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Harness the Power of Custom Queries to Uncover Hidden Insights and Strengthen Your Security Posture#

In today's complex cybersecurity landscape, having access to comprehensive, detailed, and actionable data is critical for maintaining a robust security posture. Microsoft Azure Sentinel provides a powerful platform to collect, analyse, and respond to security events, and the integration with Peakhour's log analytics data allows organizations to gain valuable insights into their security environment.

In this guide, we will explore how to effectively query the PeakhourEvent_CL table in Azure Sentinel to unlock the full potential of the data it contains. We will cover various techniques for using additional fields present in the table, such as geoip information, ip threat lists, and block types, to enhance your security analysis, create insightful reports, and fine-tune your incident response strategies. By harnessing the power of custom queries, you can uncover hidden patterns and trends in your security landscape, helping you stay ahead of potential threats and fortify your organization's defenses.

Using the additional fields present in the PeakhourEvent_CL table can help enhance your security analysis and incident response. These fields can be used to create more detailed alerts, generate insightful reports, and identify trends or patterns in your security landscape.

Here are some suggestions on how to utilise these additional fields:

GeoIP Information#

Use the geographical information to detect and analyse location-based threats, identify trends in attacks from specific regions, or create location-based security policies. You can also use this information to visualize the source of attacks on a map.

Example KQL query to find top attacking countries:

| summarize count() by Country = geoip_country_code_s
| top 10 by count_ desc

IP Threat Lists#

Use the threat list information to track known malicious IP addresses and identify potential threats to your environment. You can create alerts based on the presence of these IPs in your logs and take appropriate action.

Example KQL query to find events involving IPs from threat lists:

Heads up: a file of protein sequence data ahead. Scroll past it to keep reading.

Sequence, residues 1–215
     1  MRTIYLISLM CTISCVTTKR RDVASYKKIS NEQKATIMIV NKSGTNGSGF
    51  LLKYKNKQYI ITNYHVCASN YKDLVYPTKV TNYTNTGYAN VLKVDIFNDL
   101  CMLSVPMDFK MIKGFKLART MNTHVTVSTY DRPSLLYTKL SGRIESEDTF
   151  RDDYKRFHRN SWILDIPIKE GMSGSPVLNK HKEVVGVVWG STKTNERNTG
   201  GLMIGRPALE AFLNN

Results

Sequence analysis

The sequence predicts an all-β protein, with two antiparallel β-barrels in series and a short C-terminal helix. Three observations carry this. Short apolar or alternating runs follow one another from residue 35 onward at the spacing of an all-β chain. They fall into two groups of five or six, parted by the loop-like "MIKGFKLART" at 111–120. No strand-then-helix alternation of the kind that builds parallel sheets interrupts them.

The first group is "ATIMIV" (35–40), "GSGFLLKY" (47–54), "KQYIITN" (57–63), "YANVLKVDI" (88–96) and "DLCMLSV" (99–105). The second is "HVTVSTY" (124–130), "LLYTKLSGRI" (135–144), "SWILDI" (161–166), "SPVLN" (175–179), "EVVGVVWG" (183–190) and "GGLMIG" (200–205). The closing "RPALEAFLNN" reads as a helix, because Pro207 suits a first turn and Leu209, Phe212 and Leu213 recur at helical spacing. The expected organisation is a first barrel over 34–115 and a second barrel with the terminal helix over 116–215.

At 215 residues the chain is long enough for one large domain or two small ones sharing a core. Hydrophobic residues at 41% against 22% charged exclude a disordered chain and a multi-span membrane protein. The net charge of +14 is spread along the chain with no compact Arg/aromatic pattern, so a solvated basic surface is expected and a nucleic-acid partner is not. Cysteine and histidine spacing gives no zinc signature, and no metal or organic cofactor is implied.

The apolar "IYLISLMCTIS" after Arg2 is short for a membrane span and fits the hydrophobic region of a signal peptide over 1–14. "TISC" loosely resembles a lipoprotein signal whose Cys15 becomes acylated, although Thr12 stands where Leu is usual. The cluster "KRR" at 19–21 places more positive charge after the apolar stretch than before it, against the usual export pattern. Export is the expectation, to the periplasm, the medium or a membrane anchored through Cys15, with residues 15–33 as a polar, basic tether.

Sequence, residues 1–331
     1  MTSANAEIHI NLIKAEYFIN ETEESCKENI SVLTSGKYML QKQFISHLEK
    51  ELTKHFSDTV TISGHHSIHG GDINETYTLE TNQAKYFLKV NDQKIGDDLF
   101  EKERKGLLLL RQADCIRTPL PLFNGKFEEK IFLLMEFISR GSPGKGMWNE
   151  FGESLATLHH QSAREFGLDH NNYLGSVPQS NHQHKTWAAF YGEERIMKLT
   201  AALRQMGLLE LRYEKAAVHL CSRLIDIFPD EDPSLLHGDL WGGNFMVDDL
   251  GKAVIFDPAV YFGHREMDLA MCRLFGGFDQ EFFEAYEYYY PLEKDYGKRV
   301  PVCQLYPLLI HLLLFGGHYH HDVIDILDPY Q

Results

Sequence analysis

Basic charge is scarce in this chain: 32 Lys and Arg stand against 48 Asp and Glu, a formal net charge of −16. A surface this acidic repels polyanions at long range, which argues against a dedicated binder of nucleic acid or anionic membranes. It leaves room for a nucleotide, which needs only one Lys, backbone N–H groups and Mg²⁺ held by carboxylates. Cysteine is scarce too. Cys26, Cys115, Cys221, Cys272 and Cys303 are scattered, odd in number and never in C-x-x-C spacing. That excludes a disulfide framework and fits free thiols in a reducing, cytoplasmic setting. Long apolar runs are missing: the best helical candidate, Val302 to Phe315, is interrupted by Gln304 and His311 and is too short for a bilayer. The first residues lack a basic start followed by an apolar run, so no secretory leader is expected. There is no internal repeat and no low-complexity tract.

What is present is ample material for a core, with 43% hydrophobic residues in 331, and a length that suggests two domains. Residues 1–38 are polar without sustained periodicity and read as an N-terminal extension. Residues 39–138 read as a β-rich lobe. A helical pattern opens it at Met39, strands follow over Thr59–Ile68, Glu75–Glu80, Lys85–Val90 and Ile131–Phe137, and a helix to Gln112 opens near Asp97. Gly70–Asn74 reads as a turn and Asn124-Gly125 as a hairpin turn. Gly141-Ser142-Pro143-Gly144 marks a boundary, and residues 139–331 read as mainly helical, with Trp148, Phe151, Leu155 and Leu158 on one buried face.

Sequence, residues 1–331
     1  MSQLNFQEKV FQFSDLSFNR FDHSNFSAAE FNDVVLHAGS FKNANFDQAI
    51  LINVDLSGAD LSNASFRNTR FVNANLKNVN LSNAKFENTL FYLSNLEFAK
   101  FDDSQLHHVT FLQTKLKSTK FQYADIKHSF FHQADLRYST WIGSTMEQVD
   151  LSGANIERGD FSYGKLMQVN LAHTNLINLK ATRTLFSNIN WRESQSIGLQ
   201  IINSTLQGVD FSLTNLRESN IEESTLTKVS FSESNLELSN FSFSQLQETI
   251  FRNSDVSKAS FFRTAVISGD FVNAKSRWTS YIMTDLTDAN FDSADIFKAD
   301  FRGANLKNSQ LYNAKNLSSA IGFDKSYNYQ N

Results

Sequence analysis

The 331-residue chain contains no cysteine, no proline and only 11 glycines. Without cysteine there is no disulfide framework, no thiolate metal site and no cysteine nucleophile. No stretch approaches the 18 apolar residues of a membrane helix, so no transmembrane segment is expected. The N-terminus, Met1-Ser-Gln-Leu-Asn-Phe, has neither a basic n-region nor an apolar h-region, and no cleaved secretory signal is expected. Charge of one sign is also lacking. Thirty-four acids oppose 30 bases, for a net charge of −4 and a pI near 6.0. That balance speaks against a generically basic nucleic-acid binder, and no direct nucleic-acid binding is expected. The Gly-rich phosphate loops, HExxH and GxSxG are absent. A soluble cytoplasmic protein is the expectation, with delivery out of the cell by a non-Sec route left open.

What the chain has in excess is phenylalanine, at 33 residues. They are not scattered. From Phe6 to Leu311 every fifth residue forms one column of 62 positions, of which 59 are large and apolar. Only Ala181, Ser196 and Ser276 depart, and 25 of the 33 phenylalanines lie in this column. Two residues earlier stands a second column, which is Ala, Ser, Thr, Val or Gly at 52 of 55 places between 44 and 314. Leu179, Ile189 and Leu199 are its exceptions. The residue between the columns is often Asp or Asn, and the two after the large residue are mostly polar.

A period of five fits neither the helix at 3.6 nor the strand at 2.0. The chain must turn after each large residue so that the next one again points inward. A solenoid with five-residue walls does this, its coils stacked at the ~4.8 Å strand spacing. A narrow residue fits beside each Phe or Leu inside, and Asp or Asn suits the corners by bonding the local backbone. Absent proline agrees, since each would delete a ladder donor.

| where block_blocklist_name_s != ""

Type of Block#

Analyze the different types of blocks that occurred (WAF, IP threat list, custom rule, rate limit, bot) to understand the nature of the threats your environment is facing. This can help you fine-tune your security policies and prioritise your incident response efforts.

Example KQL query to find the distribution of block types:

| summarize count() by BlockType = block_by_s

Generate Reports#

Use the additional fields to create detailed reports on attack trends, incident response performance, and security posture improvements. These reports can help stakeholders and management make informed decisions and allocate resources effectively.

Example KQL query to generate a daily summary report of events:

| extend EventDate = todatetime(time_d)
| summarize count() by EventDate, BlockType = block_by_s, Country = geoip_country_code_s
| order by EventDate desc

Create Custom Alerts#

Utilize these additional fields to create custom alerts that can help you prioritize and respond to incidents more effectively. For example, you can create alerts based on a combination of factors, such as block type and geographical location.

Example KQL query to create an alert for custom rule blocks from a specific country:

| where block_by_s == "blocklist" and geoip_country_code_s == "RU"

By incorporating these additional fields in your analysis, you can gain a deeper understanding of your security landscape and enhance your organization's overall security posture.